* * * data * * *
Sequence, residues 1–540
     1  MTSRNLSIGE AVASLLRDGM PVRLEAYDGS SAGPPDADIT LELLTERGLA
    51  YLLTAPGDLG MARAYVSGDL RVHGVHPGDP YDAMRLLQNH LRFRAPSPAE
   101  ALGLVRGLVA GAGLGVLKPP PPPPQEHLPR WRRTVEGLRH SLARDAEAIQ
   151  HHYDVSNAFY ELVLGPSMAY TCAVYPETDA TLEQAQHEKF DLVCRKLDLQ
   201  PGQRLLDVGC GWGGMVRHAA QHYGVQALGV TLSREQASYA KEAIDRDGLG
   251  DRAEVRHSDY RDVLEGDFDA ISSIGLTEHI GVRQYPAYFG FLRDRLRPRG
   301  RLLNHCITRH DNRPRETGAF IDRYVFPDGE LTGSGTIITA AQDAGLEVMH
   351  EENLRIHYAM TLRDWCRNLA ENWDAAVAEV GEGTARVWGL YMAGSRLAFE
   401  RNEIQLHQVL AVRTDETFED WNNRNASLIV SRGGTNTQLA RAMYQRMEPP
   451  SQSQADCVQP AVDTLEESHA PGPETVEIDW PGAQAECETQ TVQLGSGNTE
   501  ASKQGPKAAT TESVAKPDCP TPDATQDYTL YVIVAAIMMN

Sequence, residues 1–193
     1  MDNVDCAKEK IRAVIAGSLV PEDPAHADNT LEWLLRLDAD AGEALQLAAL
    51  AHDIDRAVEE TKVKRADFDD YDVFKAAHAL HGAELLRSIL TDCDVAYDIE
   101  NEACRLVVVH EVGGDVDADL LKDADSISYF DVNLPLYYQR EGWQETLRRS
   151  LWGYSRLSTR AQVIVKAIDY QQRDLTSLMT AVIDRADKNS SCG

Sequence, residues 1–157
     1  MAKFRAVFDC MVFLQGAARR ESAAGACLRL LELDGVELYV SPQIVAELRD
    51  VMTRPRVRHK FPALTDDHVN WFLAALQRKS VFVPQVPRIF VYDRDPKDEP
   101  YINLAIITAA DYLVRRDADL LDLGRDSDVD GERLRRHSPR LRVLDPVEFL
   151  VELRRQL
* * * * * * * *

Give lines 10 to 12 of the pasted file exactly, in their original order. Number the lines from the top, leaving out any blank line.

   401  RNEIQLHQVL AVRTDETFED WNNRNASLIV SRGGTNTQLA RAMYQRMEPP
   451  SQSQADCVQP AVDTLEESHA PGPETVEIDW PGAQAECETQ TVQLGSGNTE
   501  ASKQGPKAAT TESVAKPDCP TPDATQDYTL YVIVAAIMMN